Amara had just been severely injured when her chapter opens, for being caught learning how to read, as that’s something servants aren’t allowed to do. The princess, a woman with cursed blood, is teaching her servants to read and write, despite the danger.
Everything about Amara’s story is complex. She can’t speak. She is tied to a princess who can’t bleed, so she spends most of her time clearing out hazards like splinters, and watching for papercuts. She has healing magic, but it apparently isn’t as powerful as she wishes it could be, and she lives life on the run and in hiding.
Where Nolan is hopeful, Amara felt depressed and stressed in these first few chapters, and with very good reason. It was interesting to me, however, how well the two characters balanced each other out in just about every way. Nolan knows he is connected to Amara. Amara doesn’t have a clue. Nolan is hopeful, Amara feels resigned. Nolan is sort of trapped in this half-life, and he feels huge amounts of resentment about that. Amara has ignorance on her side.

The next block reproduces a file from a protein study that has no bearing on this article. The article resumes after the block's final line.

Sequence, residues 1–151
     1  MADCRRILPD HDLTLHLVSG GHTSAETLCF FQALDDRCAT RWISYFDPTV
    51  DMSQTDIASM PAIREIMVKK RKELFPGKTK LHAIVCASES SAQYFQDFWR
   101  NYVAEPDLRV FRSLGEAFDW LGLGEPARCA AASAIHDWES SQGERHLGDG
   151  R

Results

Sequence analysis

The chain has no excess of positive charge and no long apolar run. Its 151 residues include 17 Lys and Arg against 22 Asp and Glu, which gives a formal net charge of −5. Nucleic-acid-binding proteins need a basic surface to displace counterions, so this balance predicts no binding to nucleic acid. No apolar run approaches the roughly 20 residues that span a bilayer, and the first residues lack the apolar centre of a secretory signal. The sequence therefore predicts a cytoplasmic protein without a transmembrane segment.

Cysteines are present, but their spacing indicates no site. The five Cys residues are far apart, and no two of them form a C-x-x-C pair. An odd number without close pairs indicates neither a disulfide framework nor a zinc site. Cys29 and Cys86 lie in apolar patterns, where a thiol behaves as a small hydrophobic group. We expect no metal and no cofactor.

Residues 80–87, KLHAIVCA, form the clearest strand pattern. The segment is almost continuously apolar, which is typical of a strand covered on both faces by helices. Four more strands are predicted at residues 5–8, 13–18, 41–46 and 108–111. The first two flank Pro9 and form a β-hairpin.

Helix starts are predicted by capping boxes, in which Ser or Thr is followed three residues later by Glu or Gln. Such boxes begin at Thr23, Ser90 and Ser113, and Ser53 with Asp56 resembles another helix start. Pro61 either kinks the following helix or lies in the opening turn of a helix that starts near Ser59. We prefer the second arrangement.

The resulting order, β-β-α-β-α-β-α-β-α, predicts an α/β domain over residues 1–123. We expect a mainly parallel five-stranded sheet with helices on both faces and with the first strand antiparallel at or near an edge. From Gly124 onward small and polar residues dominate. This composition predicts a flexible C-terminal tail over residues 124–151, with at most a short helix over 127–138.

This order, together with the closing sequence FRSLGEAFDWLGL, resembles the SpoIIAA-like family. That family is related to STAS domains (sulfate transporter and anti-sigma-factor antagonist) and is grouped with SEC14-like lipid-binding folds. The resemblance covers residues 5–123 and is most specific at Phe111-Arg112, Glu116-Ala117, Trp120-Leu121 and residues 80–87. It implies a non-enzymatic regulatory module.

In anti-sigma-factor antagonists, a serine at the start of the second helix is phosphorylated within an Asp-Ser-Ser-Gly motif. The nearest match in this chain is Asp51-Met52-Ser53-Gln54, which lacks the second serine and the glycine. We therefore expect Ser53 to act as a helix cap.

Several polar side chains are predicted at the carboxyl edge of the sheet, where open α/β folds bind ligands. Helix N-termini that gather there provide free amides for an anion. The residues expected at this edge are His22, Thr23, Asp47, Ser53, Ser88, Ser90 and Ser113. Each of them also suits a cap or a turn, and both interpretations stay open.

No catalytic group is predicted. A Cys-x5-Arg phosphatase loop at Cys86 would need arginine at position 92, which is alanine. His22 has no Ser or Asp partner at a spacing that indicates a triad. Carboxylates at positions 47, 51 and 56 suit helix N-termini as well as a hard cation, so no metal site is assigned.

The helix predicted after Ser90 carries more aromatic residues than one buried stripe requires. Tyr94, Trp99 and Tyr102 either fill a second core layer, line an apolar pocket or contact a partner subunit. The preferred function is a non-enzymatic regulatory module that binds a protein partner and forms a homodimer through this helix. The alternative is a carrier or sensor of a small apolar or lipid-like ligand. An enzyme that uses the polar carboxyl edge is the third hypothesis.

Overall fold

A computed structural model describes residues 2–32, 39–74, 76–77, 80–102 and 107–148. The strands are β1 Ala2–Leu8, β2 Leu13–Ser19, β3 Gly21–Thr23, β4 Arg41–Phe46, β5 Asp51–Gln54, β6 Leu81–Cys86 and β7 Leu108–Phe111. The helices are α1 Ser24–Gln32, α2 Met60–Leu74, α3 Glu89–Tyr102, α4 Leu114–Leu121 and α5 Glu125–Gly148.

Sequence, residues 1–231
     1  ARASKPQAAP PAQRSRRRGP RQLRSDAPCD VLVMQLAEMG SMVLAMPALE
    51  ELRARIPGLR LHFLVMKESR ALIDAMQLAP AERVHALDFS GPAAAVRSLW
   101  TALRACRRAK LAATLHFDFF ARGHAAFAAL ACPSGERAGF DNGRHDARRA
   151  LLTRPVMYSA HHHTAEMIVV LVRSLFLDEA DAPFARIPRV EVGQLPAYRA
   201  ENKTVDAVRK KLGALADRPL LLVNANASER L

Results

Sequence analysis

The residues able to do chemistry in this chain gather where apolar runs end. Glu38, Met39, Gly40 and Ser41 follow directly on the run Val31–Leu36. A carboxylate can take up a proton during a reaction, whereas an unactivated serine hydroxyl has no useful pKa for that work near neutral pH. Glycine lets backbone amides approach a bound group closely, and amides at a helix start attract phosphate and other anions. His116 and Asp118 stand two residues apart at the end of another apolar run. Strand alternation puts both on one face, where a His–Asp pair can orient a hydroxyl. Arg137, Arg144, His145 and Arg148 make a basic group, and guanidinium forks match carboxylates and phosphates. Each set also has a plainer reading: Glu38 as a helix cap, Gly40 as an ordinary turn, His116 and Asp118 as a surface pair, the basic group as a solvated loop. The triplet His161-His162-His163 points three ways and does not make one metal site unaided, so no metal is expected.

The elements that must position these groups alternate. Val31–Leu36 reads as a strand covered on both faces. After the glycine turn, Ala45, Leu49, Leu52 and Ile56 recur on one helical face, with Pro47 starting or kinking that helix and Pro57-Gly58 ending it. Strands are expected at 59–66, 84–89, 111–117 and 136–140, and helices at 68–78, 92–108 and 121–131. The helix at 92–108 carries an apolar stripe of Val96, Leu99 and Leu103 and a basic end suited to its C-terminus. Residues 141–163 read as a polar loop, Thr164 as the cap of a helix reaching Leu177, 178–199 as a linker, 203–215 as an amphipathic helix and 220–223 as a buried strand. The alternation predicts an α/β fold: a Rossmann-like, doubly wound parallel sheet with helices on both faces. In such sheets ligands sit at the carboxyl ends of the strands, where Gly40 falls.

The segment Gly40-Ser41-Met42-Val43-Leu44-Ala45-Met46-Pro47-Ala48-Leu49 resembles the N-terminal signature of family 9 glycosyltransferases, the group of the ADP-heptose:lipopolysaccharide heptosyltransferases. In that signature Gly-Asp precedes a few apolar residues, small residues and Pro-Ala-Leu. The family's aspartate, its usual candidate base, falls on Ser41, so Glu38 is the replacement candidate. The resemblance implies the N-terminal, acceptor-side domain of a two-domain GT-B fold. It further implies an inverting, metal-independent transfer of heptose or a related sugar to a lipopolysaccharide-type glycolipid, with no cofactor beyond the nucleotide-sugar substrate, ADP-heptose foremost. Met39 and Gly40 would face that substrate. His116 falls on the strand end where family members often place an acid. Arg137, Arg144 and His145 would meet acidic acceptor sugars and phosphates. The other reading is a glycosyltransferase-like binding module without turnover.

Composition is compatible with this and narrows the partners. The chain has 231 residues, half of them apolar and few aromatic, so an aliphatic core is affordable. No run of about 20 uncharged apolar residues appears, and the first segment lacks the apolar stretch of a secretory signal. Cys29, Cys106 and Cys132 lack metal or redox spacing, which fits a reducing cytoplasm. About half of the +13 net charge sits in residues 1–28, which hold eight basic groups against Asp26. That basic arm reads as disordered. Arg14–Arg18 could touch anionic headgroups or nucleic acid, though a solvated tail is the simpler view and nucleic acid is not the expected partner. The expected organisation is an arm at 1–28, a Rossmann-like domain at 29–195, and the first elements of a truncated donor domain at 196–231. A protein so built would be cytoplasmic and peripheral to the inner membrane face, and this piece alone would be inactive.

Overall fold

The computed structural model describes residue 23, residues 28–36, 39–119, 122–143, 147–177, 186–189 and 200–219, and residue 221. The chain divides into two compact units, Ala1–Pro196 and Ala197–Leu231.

The chapters progress in alternating Nolan/Amara style. Nolan’s chapters are more personal and intimate. His sections are more about him – his struggle to be ‘normal’ when everyone knows he isn’t. His guilt over what his disorder is costing his family. How much effort it takes to simply exist. His relationship with his family. Much of one chapter focuses on Nolan as he processes the fact that his mother has to work two jobs to help their gainfully employed father cover his medical expenses, and the horrible guilt that causes him, because only he knows that none of the medical treatment will do anything to help his condition, but he can’t say that to anyone. His family holds on hope that he will get better with this next pill, and he knows its futile. His mother is working two jobs. His dad is doing his best to hold it together. And Nolan decides to help his mom do laundry.
It’s touching, and intimate, and with my own mounting medical bills, I completely, absolutely and fully relate to the guilt that Nolan feels, and the inevitability he faces. One thing that Duyvis does so well in these chapters is illustrate cause and effect, and play well on the very real emotions that people in these situations feel. Chronic illness is horrible, but one thing I’ve rarely ever seen depicted this well are the dark, depressing, guilty emotions that the person in Nolan’s shoes, in my shoes, feels on an intense, personal level. It was incredibly well done.